Pity Party

Feb 09, 2022 at 06:03 am by cghattas


I have a confession to make. I don’t always act my age. In fact, I can be downright childish. It’s pitiful, I know, and I’ve had to confess my sin to the Lord. I’m just grateful he forgives stupidity.

If I’ve piqued your curiosity to know what brought on this confession, I’ll tell you—my children. You see, I’m a grown woman, who’s been a widow for several years, and like most changes in life, it’s an adjustment. The same thing goes for becoming a mother-in-law, since both my sons have now married, and I might as well throw in the empty-nest thing too.

So, here I am, still working, being an adult in this life, but more on my own than the previous fifty-plus years. I’ll say it again—it takes some getting used to.

Holidays are especially hard events to maneuver in this new reality. You don’t want to impose on your children (I vividly remember my mother talking about that), nor do you want to nag. So, I take the more laid-back approach and figure they’ll let me know their plans and what they want us to all do together for any special occasion. We’re family, after all, right?

Did I mention I have boys?

Apparently, my strategy doesn’t work on them because sometimes I can only find out what they’re planning by asking. This was the case at one 4th of July holiday prior to the marriage of my youngest.

How did I respond to their plans that didn’t include me? “Oh, okay, that sounds like fun.” At least that’s what I said verbally. Inwardly, I’m thinking, “but what about me?” Hear the self-pity in that? No? Let me say it again. “But what about ME?”

As I wallowed in a growing sense of abandonment, I got a text from a dear girlfriend. “What are you doing for the 4th?”

“Nothing, apparently.”

“Want to go to a movie?”

That was my first step toward knowing I was still loved by somebody. Yet, as the holiday neared, I wondered about the rest of my family. I DO have family within a ten-mile radius. Surely, they would ask me to do something with them. (Remember the pitiful tone of the earlier thought).

No, nothing…the wallowing continued.

I tried to take it all in stride, lollygagging in bed until the ungodly hour of 9 a.m. on day of said holiday. I met my friend, my holiday-savior at the theater for the morning matinee. Sat down with my LARGE bucket of popcorn to eat completely on my own, and prepared to silence my phone, when I saw a text.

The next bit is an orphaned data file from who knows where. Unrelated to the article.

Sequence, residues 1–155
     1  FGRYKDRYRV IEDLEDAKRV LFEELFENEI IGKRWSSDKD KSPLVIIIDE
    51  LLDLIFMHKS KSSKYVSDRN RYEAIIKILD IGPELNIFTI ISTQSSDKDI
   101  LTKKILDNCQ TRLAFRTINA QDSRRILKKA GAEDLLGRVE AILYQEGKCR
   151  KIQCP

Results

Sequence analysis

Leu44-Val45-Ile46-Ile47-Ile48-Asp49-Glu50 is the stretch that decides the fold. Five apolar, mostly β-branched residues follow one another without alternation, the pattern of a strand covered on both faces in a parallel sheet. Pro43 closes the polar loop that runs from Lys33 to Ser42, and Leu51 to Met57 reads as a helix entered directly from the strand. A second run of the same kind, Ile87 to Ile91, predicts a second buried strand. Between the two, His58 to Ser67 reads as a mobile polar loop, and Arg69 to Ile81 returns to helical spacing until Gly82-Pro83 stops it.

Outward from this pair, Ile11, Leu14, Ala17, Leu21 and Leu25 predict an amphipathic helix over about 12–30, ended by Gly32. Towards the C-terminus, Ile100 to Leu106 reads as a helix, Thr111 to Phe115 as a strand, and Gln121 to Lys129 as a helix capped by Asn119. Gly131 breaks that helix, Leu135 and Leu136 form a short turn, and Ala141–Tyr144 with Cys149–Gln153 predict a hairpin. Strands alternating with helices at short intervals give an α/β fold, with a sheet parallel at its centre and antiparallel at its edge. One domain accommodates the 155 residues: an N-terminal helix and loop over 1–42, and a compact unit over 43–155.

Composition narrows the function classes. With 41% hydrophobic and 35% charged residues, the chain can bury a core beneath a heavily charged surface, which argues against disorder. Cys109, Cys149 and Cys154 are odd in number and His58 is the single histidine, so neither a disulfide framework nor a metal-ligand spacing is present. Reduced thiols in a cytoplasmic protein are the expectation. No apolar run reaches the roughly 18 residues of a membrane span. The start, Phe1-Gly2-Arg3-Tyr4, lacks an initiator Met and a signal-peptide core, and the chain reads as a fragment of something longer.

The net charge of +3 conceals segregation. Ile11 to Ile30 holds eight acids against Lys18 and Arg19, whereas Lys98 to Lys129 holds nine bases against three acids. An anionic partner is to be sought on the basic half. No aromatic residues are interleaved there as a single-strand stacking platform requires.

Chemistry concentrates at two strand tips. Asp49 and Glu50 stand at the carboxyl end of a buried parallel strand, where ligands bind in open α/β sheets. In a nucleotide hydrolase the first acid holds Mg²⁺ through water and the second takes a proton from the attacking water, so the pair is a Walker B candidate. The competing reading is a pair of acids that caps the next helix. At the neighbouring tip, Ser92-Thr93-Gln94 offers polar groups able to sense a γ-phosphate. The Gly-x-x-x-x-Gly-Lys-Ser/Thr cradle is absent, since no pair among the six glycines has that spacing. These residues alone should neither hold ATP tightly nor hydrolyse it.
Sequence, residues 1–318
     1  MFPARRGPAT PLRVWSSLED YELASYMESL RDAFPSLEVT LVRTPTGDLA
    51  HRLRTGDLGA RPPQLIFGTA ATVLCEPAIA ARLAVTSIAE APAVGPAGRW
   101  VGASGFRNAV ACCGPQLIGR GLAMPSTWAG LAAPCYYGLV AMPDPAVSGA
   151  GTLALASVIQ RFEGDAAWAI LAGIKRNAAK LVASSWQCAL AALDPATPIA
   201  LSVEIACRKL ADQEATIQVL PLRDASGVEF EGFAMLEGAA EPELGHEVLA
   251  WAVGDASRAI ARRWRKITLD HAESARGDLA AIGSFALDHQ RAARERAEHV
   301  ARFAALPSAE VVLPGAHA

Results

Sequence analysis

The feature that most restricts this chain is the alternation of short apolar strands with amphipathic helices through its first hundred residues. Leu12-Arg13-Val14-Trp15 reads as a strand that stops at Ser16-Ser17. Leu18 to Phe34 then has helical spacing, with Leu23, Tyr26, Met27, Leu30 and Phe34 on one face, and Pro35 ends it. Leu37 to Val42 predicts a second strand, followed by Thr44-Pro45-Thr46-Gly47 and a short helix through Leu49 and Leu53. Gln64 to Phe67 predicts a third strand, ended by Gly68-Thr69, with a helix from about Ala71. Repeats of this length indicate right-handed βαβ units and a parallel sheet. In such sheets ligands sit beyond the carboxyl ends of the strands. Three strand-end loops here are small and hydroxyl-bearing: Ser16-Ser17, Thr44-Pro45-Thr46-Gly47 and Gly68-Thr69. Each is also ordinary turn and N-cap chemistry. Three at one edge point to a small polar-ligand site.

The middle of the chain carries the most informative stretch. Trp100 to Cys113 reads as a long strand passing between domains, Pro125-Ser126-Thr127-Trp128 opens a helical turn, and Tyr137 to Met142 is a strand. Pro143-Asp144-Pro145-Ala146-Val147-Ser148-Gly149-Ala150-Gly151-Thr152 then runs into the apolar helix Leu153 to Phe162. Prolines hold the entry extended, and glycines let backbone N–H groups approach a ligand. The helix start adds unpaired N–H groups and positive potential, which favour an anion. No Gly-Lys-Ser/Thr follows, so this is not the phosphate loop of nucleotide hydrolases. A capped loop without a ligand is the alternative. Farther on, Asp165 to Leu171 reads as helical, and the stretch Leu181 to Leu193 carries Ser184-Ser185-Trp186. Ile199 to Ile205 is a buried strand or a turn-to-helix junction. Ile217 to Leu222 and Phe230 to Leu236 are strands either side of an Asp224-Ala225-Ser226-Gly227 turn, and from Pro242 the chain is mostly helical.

It was from my sister. “Hey, if you want to come over and swim, we’ll be here all day. Getting KFC for dinner.”

SHE REMEMBERED ME! I quickly wrote back, letting her know I was happy to come, since my children forgot me. (Still not giving up on my pitiful state of being).

After the movie, I grabbed a hamburger, and yes, that was after eating the entire popcorn bucket, and went to my sister’s, where I spent a wonderful day watching her grandchildren play in the pool. I even played badminton and dominoes with them. They warmed my heart with smiles and hugs. I ate KFC and topped off the evening with a homemade, frosted brownie, hugged my sister and went home unable to breathe from all the food I ate.

My youngest got home while I had my feet propped up trying to digest with green tea. He shared a bit about their day and then went to bed, because he was understandably tired.

Thankful for a good day, I went to bed with a miserably full stomach and slept a fretful sleep. Then I woke up to a day off from work and enjoyed a more leisurely quiet time with the Lord. My stomach was feeling better, but my conscience wasn’t. The Holy Spirit whacked me over the head.

“Have you grown up, Carol? What was that all about this week?”

He got me—right where it hurt—me.

Confession is good for the soul, and I poured out my heart to the Lord, thankful that he loves me despite myself, teaching me that I have so much for which to be grateful. I was reminded that I’m blessed with two wonderful boys, who love their mother more than I deserve, and I even got a daughter in the deal as well, who makes my son so happy.

I thought back to my parents and holidays long past, remembering that I was off doing “my own thing” on more than one occasion, not even counting the twenty-two years of holidays I missed by living overseas. I had nothing to feel pitiful about. I’m blessed beyond words, with good friends, wonderful family, and a God who is especially patient with me.

So, sins confessed, I was much more relaxed and at peace. The only regret I couldn’t do anything about was the food—but oh, that brownie was so good.

Feeling a little down? Check the self-pity-o-meter. It could be that a confession is in order.

Grace and Peace.

Carol B. Ghattas is a writer, speaker, and active blogger. Subscribe to her blog, lifeinexile.net, or follow her on Facebook or Instagram. Connect with her at lifeinexile.net.

*This post was originally posted in 2019 at lifeinexile.net

 

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